April 21 – 27: “Do you enjoy reading books out of season?”

thriller-roundtable-logo5Reading a Christmas story in July? Who does that? This week ITW Members Mark Alpert, Colin Campbell, Paige Dearth, Tim Waggoner and Nancy J. Cohen discuss reading books our of season.


Montecito Heights (2)Ex-policeman. Ex-soldier. International tennis player. And full-time crime novelist. Colin Campbell is a retired police officer in West Yorkshire, having tackled crime in one of the UK’s busiest cities for 30 years. He is the author of UK crime novels, Blue Knight White Cross and Northern Ex, and US thrillers Jamaica Plain and Montecito Heights featuring rogue Yorkshire cop Jim Grant. He counts Lee Child and Matt Hilton among his fans.


When Smiles Fade by Paige DearthPaige Dearth was a victim of child rape and spent her early years yearning desperately for a better life. Living through the fear and isolation that marked her youth, she found a way of coping with the trauma of her past and the angst that scarred her present: she developed the ability to dream up stories grounded in reality that would prove cathartic for her and provide her with a creative outlet. Paige’s novels are a fine balance between what lives on in her imagination and the evil that lurks in the real world.


the way of all fleshShirley Jackson Award-nominated author Tim Waggoner has published over thirty novels and three short story collections of dark fiction. He teaches creative writing at Sinclair Community College and in Seton Hill University’s Master of Fine Arts in Writing Popular Fiction program.




HangingbyaHairNancy J. Cohen writes the Bad Hair Day mystery series featuring hairdresser Marla Shore. Several of these titles have made the IMBA bestseller list. Nancy is also the author of Writing the Cozy Mystery, a valuable instructional guide for writers on how to write a winning whodunit. A featured speaker at conferences, libraries, and community events, Nancy is listed in Contemporary Authors, Poets & Writers, and Who’s Who in U.S. Writers, Editors, & Poets.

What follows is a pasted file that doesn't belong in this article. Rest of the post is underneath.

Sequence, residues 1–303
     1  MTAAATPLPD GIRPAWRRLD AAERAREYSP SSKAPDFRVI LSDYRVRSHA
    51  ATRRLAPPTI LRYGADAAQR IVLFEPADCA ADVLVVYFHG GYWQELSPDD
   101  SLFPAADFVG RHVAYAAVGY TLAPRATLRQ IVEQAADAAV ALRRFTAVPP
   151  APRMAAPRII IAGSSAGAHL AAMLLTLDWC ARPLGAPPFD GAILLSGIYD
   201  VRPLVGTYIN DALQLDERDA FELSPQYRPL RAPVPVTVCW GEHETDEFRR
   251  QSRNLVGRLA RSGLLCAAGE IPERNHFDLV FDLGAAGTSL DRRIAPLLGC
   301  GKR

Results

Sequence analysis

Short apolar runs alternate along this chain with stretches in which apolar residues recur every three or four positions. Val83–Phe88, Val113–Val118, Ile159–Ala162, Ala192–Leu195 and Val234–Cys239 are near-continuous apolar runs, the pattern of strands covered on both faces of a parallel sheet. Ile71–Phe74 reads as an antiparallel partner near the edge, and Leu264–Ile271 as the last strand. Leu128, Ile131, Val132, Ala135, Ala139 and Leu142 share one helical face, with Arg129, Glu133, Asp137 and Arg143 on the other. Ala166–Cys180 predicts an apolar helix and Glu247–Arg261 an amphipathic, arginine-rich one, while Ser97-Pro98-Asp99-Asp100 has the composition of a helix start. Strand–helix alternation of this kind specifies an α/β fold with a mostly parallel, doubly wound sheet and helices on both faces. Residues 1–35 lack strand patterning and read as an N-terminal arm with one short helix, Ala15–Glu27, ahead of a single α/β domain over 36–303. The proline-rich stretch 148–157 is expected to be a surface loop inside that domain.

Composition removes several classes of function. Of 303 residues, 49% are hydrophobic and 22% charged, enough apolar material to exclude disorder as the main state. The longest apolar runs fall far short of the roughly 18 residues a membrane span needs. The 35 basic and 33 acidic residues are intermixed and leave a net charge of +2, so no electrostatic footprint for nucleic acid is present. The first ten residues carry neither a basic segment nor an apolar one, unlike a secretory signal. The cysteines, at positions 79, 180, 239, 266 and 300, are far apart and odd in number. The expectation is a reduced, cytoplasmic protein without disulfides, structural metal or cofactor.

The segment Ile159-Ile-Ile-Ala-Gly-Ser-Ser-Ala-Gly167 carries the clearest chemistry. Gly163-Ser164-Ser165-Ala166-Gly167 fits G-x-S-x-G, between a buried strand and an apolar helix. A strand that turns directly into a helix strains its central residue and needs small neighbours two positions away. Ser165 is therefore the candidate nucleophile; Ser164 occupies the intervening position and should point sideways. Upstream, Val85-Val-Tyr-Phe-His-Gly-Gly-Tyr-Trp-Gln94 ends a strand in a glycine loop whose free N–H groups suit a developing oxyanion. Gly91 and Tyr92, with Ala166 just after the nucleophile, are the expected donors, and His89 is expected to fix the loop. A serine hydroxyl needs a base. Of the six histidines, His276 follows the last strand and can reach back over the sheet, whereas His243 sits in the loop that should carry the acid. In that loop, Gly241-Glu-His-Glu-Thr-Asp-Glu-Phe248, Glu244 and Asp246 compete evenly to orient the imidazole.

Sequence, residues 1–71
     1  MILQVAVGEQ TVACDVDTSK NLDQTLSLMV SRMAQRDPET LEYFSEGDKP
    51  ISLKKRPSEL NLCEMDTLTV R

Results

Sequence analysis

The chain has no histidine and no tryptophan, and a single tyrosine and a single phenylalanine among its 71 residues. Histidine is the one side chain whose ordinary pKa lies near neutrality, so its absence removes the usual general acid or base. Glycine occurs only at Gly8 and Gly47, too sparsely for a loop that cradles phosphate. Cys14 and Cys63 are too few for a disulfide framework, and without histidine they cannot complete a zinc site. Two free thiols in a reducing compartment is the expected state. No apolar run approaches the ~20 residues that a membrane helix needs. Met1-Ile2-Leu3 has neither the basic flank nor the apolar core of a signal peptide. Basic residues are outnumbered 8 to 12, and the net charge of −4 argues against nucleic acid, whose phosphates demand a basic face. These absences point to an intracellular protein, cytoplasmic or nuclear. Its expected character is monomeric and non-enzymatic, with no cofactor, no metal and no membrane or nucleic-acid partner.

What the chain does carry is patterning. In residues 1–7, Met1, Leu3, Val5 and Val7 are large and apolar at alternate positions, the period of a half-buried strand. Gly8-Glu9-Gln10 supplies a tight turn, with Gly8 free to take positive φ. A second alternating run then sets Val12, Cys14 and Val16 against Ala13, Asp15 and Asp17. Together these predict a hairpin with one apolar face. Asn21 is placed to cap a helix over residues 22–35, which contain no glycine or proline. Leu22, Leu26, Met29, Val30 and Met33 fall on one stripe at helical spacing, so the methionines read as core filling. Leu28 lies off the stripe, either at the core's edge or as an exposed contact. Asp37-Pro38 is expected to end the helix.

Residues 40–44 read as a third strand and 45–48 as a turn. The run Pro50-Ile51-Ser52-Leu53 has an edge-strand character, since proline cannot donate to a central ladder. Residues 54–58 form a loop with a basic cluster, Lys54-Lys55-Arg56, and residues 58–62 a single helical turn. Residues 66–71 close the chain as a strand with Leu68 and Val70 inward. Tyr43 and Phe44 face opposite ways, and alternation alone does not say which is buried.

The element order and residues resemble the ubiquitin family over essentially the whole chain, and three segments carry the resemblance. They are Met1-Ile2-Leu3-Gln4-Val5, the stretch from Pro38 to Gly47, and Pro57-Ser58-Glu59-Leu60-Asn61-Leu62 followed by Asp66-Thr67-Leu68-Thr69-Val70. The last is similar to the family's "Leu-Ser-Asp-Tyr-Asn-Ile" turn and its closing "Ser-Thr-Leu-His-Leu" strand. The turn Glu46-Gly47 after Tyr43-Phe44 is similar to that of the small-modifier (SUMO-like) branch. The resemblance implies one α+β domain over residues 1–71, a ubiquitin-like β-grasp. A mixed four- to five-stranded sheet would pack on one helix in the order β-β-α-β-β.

The Furies by Mark AlpertMark Alpert is author of The Furies, a new thriller from Thomas Dunne Books/St. Martin’s Press. A contributing editor at Scientific American, he specializes in weaving real science into his novels. His earlier thrillers — Final Theory, The Omega Theory and Extinction — have been published in twenty-three languages. He lives in Manhattan with his wife and two children and is a proud member of Scientific American’s softball team, the Big Bangers.




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  1. On this one I come down firmly on the side of, NO. At least when it comes to Christmas stories. I don’t even watch Die Hard unless it’s December. Anything to do with Santa Claus and elves and snowbound Christmas trees has pretty much got to be read/watched during the festive season. Everything else. Go for it. A good story is a good story no matter when you read it. The conditions surrounding you while you relax with a book are not visual cues for the story itself. You can even read Fifty Shades Of Grey fully clothed. It doesn’t matter. Stories set in the heat of the sun are fine being read in winter. Sometimes it’s a good thing. After all we read to escape into another world. But Christmas? Unless somebody writes about what Santa does in the off-season, sorry. December it has to be.

  2. It doesn’t matter to me when I read a story in terms of holidays. Since I live in South Florida, reading about winter scenes during our hot and humid summers would be a welcome diversion. But I can read them anytime. Ditto for holiday stories. I’ll read one centering around a specific holiday at any time during the year, but I don’t seek out these types of stories. Sure, it’s more fun reading a Halloween tale in October, but it’s not necessary for me to enjoy a story in season. I’m more interested in the story premise than the time of year.

    I’ve used holidays in some of my own books. Dead Roots takes my hairstylist sleuth and her fiancé to a haunted Florida resort over Thanksgiving weekend. So I like to promote this work during October and November. Otherwise, it doesn’t matter when you read it or my other stories. For myself, I’ll read a good book whenever it takes place.

  3. I sure do enjoy reading books out of season. I feel the same for books out of the holiday season, as I do the four seasons of the year.

    I can remember when I read Misery by Stephen King. I was lying on Megan’s Bay in Saint Thomas, the warm sun and feather silk breeze gently stroked my skin. There I was enjoying my experience of Paul Sheldon and Annie Wilkes in the cold of the winter. One blizzard was followed by another, the frigid air penetrating your bones as King describes the scenes. The harsh contrast of being on the beach and reading about the ice, snow and cold amplified my feeling of being there with the protagonist.